In 1998, entrepreneur George Frederick “Rick” Adam and attorney John Knudsen began a journey that few dare to try and even fewer succeed at, launching a new aircraft manufacturing company from scratch and without having previously worked in the aviation manufacturing industry.
Duluth, Minn.-based Cirrus Design rolled out its single-engine jet prototype on Thursday, almost a year to the day after it unveiled a cabin mock-up to customers and the press. The company has started engine and ground runs on the airplane in anticipation of first flight, which could be conducted as early as this month. Dubbed “V1” by Cirrus, the prototype (N280CJ) is registered to “Cirrus Jet Co.,” according to FAA records.
The Cirrus SR22 has been the world’s best selling single-engine aircraft for five years, with more than 3,000 sold to date. But the thought of using the SR22 for charter services is still relatively new.
At the EBACE show in Geneva last week, Cirrus Design’s full-size mockup of its single-engine (and yet-to-be-named) jet enjoyed a prominent spot in Hall 7 next to the long-established business jet manufacturers.
L-3 Avionics received TSO and STC approval from the FAA for its SmartDeck integrated avionics system. The STC was awarded for the Cirrus Design SR22 G2, and L-3 Avionics will offer the STC through authorized dealers for retrofit. According to L-3, SmartDeck includes a display dedicated to flight plan management and communication information, as well as multifunction and primary flight displays.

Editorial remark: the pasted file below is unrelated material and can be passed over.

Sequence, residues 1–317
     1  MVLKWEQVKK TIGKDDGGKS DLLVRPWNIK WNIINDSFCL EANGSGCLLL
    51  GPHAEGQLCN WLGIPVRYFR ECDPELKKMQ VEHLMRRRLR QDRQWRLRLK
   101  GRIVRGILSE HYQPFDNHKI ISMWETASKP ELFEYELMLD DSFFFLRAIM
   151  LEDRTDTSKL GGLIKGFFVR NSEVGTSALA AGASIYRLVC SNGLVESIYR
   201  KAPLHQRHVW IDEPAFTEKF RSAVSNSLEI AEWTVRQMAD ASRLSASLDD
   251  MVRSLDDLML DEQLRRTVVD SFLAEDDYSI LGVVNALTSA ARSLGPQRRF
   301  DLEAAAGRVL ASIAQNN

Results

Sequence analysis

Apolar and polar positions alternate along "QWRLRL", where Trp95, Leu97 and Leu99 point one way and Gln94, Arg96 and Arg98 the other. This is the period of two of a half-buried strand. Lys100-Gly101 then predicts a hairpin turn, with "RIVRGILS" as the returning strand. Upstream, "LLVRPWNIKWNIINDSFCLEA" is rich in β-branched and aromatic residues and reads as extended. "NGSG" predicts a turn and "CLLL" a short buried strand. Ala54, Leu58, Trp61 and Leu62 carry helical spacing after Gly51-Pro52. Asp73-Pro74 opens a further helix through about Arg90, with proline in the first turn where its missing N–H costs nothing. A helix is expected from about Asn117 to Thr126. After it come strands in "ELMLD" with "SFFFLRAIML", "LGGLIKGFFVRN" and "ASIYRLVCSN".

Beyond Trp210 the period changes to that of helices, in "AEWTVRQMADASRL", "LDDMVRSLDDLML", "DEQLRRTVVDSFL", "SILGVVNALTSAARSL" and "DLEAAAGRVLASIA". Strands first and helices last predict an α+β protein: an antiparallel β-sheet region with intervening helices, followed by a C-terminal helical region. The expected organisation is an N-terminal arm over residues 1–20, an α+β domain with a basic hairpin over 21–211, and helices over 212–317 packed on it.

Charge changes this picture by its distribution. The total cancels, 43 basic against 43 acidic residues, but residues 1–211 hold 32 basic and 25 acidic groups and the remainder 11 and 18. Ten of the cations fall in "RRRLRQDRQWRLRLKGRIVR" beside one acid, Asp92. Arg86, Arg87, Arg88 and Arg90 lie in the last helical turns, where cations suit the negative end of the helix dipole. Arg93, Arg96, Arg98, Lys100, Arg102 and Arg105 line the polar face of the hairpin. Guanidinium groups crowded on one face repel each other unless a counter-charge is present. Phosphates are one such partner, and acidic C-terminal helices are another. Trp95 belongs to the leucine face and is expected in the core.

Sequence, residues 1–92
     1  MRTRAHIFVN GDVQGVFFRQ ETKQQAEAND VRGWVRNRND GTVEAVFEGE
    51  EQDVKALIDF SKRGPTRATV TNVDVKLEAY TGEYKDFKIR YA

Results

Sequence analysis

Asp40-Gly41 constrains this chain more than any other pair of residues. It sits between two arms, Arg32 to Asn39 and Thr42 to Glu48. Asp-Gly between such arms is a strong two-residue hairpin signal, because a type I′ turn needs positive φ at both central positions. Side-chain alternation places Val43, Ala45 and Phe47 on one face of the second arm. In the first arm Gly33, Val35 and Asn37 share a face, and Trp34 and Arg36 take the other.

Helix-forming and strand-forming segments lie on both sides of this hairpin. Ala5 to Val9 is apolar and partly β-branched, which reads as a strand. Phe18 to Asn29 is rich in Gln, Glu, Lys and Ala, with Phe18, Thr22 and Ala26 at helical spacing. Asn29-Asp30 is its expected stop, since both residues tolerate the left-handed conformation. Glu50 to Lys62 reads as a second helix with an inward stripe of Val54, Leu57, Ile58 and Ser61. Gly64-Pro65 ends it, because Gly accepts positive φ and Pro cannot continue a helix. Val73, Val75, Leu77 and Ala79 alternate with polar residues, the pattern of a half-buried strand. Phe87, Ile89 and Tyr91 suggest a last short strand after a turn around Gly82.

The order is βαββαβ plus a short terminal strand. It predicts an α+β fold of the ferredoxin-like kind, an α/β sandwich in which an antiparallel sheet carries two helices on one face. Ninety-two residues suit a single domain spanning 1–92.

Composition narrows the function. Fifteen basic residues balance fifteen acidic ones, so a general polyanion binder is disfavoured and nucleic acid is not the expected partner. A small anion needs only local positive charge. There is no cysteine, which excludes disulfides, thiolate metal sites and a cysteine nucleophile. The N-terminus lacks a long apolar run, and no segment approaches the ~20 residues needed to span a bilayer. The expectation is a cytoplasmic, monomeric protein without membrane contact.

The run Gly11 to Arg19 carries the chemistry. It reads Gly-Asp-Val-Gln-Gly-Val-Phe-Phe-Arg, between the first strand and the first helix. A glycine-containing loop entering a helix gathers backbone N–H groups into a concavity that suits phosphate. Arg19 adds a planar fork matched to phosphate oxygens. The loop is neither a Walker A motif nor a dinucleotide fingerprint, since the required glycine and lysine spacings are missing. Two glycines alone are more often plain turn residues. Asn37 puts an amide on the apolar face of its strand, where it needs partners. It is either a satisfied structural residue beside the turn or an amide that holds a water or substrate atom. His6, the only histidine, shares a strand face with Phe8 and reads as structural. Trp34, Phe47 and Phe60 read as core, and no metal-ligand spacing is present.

L-3 Avionics late last week received TSO and STC approvals from the FAA for its SmartDeck integrated avionics system. The STC was awarded for the Cirrus SR22 G2, and L-3 Avionics said it will offer the STC through authorized dealers for retrofit. According to L-3, SmartDeck includes a display dedicated to flight plan management and communication information, as well as multifunction and primary flight displays.
Cirrus Design yesterday announced it has partnered with Garmin on a “high-end” cockpit upgrade for the SR22-G3 called Cirrus Perspective. Featuring Garmin’s G1000 synthetic-vision technology, GFC700 autopilot and a control panel designed specially for the Cirrus piston-single, the Perspective cockpit will be available to buyers starting on June 3 at a price of $48,000.
NBAA president Ed Bolen, left, peeked in on Cirrus CEO Alan Klapmeier yesterday as he sat behind the controls of the Minnesota lightplane maker’s single-engine compact business jet, being shown here for the first time at EBACE in full-scale mockup form. Klapmeier’s new jet is an example of a growing crop of very light business and personal jets that are serving as the impetus for a recently announced show to be hosted by NBAA.
Piper Aircraft and Cirrus Design are in a dead heat on the progress of their respective single-engine jet prototypes, and the two airplanes could fly within days of each other. Last month, Piper said its PiperJet prototype would fly in mid-July, while Cirrus hinted that the first example of its jet single could take to the sky in the same time frame.
At the recent Sun ’n’ Fun Fly-In in Lakeland, Fla., Piper Aircraft v-p of sales and marketing Bob Kromer and Cirrus Design CEO Alan Klapmeier told AIN about the progress of their respective single-engine jet prototypes. Both companies’ airplanes are nearly complete and will soon be in the air.